Best Practices to Improve ROI

Email Marketing Best Practices to Improve ROI

As a sophisticated email marketer, there are many KPIs that matter to you: deliverability, open rate, CTR. We all strategize endlessly about how to optimize for each of these: avoiding spammy content to increase deliverability, writing succinct subject lines to up open rates, choosing the right color and placement of CTA buttons for improvements in CTR.

Asking the right question

Let’s for a moment take a step back and ask ourselves a bigger question: are we optimizing for the right KPIs? This is a question that cannot be answered by email marketers –it must be answered by your client or your boss. Instead of actually asking them though, you could step into their proverbial shoes and examine email performance from their perspective.

What really matters?

How many messages were delivered/opened/clicked? I would venture to say they care less about those figures and more about actual business results: how much did they earn as a result?

Said another way, if your boss or client was comparing your email marketing work to that of a co-worker or competitor, whose work would they prefer – yours with high deliverability, high open rates, high CTR, and modest returns? Or his, with low “vanity” KPIs but high ROI?

Tips and tricks for email marketing ROI

Follow these five best practices to improve your email marketing ROI, please your boss, thrill your clients, and earn your way into the email marketing Hall of Fame (note to self: create an email marketing Hall of Fame)

1.      Consider the customer journey to develop new KPIs

First, seek to understand which customers yield the greatest returns from your email marketing efforts. By analyzing a segment of users who completed sales and understanding their journey, you can identify the KPIs that will guide you onyour journey for more such customers.

Consider this example: one of our clients looked at her completed sales since embarking on a new email campaign and noticed that the highest-value sales came from users who shared her email content on social networks. Immediately, she retroactively analyzed her latest campaign for social shares and lo and behold, the same trend continued – a high correlation between those who shared and those who bought. In her next mailing, she focused on content that was even more sharable and added a social media sharing contest. Returns tripled.

Now, she cared less about how many people open her messages – instead, her focus is how many share socially.

Which metric could you use to understand your buyer’s journey?

2.      Never gauge ROI of a single email message

If online marketing were the Olympics, email marketing would be the marathon. It cannot always be about quick wins and photo finishes. But perseverance in the long run pays off.

Not every email will be ROI-positive and that is OK. Some emails are for brand-building, or creating engagement, or sharing relevant content to position yourself as a trusted advisor. Some emails may not even have a CTA at all. Others may be designed to clean up your email list and get fewer subscribers.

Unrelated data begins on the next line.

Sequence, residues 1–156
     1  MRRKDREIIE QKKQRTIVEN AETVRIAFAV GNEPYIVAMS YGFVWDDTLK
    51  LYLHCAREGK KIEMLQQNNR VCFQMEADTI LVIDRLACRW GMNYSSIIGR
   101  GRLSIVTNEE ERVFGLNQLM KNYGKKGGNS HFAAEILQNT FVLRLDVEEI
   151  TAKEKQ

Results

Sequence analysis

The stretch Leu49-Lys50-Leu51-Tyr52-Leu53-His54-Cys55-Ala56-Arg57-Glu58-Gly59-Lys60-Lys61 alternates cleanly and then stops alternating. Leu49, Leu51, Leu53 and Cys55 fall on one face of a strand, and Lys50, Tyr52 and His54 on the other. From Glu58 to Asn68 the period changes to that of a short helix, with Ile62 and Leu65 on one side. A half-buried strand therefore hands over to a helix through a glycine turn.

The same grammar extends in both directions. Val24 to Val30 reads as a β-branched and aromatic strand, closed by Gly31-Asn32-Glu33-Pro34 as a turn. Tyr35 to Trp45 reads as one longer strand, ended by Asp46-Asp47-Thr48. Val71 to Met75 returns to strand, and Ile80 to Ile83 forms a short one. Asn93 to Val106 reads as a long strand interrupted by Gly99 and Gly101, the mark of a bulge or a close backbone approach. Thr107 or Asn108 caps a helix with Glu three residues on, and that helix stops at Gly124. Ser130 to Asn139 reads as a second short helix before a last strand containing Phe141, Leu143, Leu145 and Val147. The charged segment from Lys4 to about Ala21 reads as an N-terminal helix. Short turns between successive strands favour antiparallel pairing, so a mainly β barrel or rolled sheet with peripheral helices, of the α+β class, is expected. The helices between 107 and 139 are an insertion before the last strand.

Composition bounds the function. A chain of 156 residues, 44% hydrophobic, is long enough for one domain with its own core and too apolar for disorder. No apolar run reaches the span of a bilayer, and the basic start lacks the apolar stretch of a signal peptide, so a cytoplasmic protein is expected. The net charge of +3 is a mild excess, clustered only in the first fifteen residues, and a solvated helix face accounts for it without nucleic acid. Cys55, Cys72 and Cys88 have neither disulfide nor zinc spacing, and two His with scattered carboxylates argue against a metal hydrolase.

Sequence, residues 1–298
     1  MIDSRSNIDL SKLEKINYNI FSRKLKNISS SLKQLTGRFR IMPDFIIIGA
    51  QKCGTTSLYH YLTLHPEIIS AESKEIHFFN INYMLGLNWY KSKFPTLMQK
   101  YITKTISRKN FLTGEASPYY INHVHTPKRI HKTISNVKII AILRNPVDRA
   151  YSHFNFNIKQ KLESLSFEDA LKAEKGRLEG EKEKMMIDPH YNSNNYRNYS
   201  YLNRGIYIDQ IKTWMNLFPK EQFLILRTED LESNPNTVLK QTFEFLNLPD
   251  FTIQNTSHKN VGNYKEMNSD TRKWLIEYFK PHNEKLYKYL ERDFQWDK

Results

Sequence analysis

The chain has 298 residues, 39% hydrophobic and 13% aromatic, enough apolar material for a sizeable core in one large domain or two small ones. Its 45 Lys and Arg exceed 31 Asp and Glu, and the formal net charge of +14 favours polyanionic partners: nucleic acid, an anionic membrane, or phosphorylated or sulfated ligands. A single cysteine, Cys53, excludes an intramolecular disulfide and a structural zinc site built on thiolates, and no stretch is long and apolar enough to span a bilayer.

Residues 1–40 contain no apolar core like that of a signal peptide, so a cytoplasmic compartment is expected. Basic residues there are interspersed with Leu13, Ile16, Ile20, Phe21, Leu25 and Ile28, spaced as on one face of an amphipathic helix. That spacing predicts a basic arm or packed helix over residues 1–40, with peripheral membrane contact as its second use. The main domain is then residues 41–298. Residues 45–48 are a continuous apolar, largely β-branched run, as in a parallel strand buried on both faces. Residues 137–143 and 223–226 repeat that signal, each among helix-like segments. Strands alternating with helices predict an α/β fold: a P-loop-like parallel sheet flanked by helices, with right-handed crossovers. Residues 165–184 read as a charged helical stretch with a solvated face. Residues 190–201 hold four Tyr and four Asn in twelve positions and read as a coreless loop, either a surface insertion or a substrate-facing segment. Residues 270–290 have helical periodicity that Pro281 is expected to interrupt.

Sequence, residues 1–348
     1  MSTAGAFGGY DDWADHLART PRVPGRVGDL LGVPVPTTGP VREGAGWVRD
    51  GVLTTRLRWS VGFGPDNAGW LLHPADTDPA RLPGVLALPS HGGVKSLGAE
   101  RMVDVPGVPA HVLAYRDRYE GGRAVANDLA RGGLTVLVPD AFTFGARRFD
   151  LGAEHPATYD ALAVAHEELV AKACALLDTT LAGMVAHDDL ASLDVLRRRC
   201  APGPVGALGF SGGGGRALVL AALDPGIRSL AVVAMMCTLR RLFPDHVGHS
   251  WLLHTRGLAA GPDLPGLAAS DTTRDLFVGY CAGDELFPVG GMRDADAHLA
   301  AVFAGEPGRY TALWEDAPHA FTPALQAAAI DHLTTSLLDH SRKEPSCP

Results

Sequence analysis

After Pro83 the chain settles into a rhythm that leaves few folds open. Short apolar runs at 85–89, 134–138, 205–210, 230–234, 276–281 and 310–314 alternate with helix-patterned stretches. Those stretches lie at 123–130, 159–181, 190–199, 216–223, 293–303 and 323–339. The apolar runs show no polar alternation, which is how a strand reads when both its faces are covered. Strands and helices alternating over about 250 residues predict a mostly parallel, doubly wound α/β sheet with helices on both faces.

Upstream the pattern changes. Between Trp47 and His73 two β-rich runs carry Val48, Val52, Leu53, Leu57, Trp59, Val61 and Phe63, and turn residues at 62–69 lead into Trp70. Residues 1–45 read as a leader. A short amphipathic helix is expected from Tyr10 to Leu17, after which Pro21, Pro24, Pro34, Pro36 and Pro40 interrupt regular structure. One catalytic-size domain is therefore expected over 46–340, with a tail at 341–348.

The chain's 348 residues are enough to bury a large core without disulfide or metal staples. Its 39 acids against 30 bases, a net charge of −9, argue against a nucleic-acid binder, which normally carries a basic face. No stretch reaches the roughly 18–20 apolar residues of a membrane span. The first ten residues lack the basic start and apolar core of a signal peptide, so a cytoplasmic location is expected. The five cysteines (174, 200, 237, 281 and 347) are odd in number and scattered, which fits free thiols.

Email marketing ROI must be gauged on a time period or a (multi-part) campaign.

As long as your email marketing operation is ROI-positive over time, it is healthy.

3.      Marketers should lead email marketing (not developers or designers)

Too many times I have heard email marketers complain about not being able to send the emails they wanted due to their dependence on development or design resources.

My advice to you is this: take control.

If your developers and designers aren’t delivering, find ones who will – or a do-it-yourself platform that will give you an easy-to-use front end to design and code your emails to be attractive and responsive.

4.      Don’t sacrifice intuition for data-driven

There is data about everything: data about emails and data about subscribers, there is even data about data. That data is a phenomenal asset is business decision-making processes.

But so is experience; so is your wisdom.

Don’t take data at face value. If your intuition tells you something should perform well and your data proves otherwise, drill down and try to uncover why.

A client recently shared a story about an email her company had perfected, dropped at the perfect time (according to data from previous sends), tested on a small group and shown to be hugely successful. But when the numbers came in from the send to the entire segment, is was 63% lower than she expected. She was devastated, her boss berated her, she felt defeated.

On the train ride home that night, it hit her: something was wrong….and it couldn’t be in her email because she had tested everything about it. She drilled down into the data and found that desktop users converted at the rate she expected, but only 40% of her opens were on desktop clients. She opened the email on her own smartphone and clicked the main CTA. That is when she discovered that the resulting landing page was not responsive for mobile devices.

They fixed the page and conversions shot up.

5.      Embrace the nitty gritty

Often the emails that produce the highest returns are not the fancy ones created by the marketing department, but rather the transactional emails sent out by automated systems. Take ownership of these messages and add opportunities for upsell and cross-sell to market to your subscribers at the most-engaged time in their lifecycle.

Having the right answer

Email marketing is far more effective than any other channel. Done right and optimized for returns, it will make a dramatic difference in bottom-line business results. Focus on optimizations you can make to your email marketing operation to achieve the goal of increased ROI (even if it means lowering your success rate on other metrics). At the end of the day (your boss’s day, that is), ROI is what matters most.

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